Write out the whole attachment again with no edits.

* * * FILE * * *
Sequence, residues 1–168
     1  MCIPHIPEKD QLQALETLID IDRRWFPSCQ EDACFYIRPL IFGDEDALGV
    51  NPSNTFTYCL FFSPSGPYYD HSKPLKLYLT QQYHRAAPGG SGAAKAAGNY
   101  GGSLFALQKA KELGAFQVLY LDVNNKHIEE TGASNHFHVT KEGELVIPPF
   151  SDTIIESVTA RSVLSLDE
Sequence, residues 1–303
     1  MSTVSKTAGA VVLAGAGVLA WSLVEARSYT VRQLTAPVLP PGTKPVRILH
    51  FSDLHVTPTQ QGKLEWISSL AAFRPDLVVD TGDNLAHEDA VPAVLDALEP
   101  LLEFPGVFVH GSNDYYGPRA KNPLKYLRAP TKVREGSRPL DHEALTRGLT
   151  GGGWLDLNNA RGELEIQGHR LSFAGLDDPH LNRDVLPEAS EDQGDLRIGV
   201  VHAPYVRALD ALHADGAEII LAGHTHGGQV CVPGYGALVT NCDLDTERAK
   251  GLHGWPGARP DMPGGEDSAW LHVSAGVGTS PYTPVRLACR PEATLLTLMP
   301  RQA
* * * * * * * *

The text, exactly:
Sequence, residues 1–168
     1  MCIPHIPEKD QLQALETLID IDRRWFPSCQ EDACFYIRPL IFGDEDALGV
    51  NPSNTFTYCL FFSPSGPYYD HSKPLKLYLT QQYHRAAPGG SGAAKAAGNY
   101  GGSLFALQKA KELGAFQVLY LDVNNKHIEE TGASNHFHVT KEGELVIPPF
   151  SDTIIESVTA RSVLSLDE
Sequence, residues 1–303
     1  MSTVSKTAGA VVLAGAGVLA WSLVEARSYT VRQLTAPVLP PGTKPVRILH
    51  FSDLHVTPTQ QGKLEWISSL AAFRPDLVVD TGDNLAHEDA VPAVLDALEP
   101  LLEFPGVFVH GSNDYYGPRA KNPLKYLRAP TKVREGSRPL DHEALTRGLT
   151  GGGWLDLNNA RGELEIQGHR LSFAGLDDPH LNRDVLPEAS EDQGDLRIGV
   201  VHAPYVRALD ALHADGAEII LAGHTHGGQV CVPGYGALVT NCDLDTERAK
   251  GLHGWPGARP DMPGGEDSAW LHVSAGVGTS PYTPVRLACR PEATLLTLMP
   301  RQA